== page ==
SPECIAL REPORT

Star players

If it were not for his big appetite, the world may never have known Yao Ming.

His parents - both former basketball players - found it increasingly hard to feed their meat-loving son on their meagre income. At the age of nine, the hulking boy was already 1.7m tall.

So although he was not keen on shooting hoops, his parents enrolled him in a sports school in Shanghai, where they knew he would get decent meals and a bottle of his favourite milk daily. There, he honed the skills that eventually made him an NBA All-Star.

"I was bribed into becoming a basketballer," Yao Ming had jokingly told the Chinese press.

Such stories were commonplace in China during the 1980s and 1990s when sports schools sometimes provided a way out for children from impoverished families.

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If you don't win a gold medal, you could end up in the same situation as me... you will be worse off than a regular person... After you retire, you just go back where you came from, but with no knowledge or skills to support you.

FORMER NATIONAL GYMNAST ZHANG SHANGWU, speaking to Radio Free Radio.

But the system which provides most of China's Olympians is faltering, with the country's growing wealth and a greater reluctance by parents to subject their offspring to the punishing regime of sportsmen.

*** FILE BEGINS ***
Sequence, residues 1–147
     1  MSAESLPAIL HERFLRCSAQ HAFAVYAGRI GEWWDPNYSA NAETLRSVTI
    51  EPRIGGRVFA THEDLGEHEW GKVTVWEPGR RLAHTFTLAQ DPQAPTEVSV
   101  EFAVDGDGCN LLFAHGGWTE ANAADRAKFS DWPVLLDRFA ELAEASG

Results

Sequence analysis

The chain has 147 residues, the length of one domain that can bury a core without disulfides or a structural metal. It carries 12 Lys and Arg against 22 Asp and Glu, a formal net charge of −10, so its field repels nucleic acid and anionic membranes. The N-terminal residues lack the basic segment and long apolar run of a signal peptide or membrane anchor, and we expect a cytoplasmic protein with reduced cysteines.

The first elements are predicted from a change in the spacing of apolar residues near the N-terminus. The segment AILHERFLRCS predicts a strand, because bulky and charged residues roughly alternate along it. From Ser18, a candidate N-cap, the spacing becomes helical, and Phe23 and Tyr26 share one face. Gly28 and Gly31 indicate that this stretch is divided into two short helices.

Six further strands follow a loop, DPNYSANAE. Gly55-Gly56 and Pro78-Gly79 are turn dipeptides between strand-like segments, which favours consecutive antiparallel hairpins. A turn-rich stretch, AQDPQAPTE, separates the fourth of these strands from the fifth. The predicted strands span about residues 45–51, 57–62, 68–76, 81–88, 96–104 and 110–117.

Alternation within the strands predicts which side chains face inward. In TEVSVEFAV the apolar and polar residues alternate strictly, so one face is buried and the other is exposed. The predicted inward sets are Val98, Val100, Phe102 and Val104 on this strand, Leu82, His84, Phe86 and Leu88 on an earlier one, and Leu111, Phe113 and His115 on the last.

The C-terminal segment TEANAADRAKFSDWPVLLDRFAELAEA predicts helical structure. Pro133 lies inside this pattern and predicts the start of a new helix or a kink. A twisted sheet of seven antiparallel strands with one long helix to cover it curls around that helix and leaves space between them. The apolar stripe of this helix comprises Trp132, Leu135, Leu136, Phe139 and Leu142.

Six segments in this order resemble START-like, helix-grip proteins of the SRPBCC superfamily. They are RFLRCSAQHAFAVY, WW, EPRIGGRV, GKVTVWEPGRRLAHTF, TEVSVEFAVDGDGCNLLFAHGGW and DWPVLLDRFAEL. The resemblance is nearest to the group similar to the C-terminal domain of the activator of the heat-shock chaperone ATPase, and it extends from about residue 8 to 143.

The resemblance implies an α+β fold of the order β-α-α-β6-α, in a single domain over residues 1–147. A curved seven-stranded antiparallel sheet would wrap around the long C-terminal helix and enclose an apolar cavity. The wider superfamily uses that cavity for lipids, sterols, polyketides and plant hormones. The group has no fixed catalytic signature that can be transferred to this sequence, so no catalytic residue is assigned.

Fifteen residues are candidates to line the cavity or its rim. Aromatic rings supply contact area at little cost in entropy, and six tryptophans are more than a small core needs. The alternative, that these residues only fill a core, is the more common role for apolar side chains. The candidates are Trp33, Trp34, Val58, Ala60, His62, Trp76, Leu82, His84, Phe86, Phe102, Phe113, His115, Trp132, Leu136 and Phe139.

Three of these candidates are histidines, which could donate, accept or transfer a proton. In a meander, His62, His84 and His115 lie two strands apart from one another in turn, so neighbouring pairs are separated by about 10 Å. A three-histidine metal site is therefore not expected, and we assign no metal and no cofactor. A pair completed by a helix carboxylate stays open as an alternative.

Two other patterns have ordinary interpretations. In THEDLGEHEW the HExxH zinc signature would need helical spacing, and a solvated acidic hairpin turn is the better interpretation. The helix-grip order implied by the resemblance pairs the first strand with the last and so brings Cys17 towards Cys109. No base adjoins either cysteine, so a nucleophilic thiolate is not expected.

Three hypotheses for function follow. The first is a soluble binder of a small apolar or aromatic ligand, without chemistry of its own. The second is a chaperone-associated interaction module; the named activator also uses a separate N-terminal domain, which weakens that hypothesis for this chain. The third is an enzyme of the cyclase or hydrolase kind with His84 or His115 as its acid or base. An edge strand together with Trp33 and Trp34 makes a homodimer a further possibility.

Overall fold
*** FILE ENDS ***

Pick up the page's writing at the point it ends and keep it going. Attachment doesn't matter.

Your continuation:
Besides Yao Ming, China's sports schools have groomed the country's most famous Olympians, such as hurdler Liu Xiang, gymnast Li Ning and shuttler Lin Dan. Several went on to become national coaches, including table tennis world champion Liu Guoliang and volleyball star Lang Ping.

But others have fallen by the wayside, most notably former national team gymnast Zhang Shangwu, who slipped into a life of crime after an injury cut short his sporting career in 2002.

He made the headlines after he was found living in the streets in 2011, performing acrobatics in Beijing's subway for handouts.

The plight of athletes like Zhang, who spent most of his time training from the age of five, is part of the reason for the declining number of sports schools.

As a result, some of China's sports stars have led the call for schools to set aside more classroom time for sports.

Among those championing an equal focus on education and sports is former table tennis star Liu Wei, who began training in a Shandong school at 11. She returned to school to get a degree only after 16 years of provincial and national training.

'For the individual, switching to such a system... is more humane," she told Xinhua in April.

"Then the children won't miss their best age to study. In the future, they won't be a burden on society either."

A version of this article appeared in the print edition of The Straits Times on June 14, 2016, with the headline 'Star players'. Print Edition | Subscribe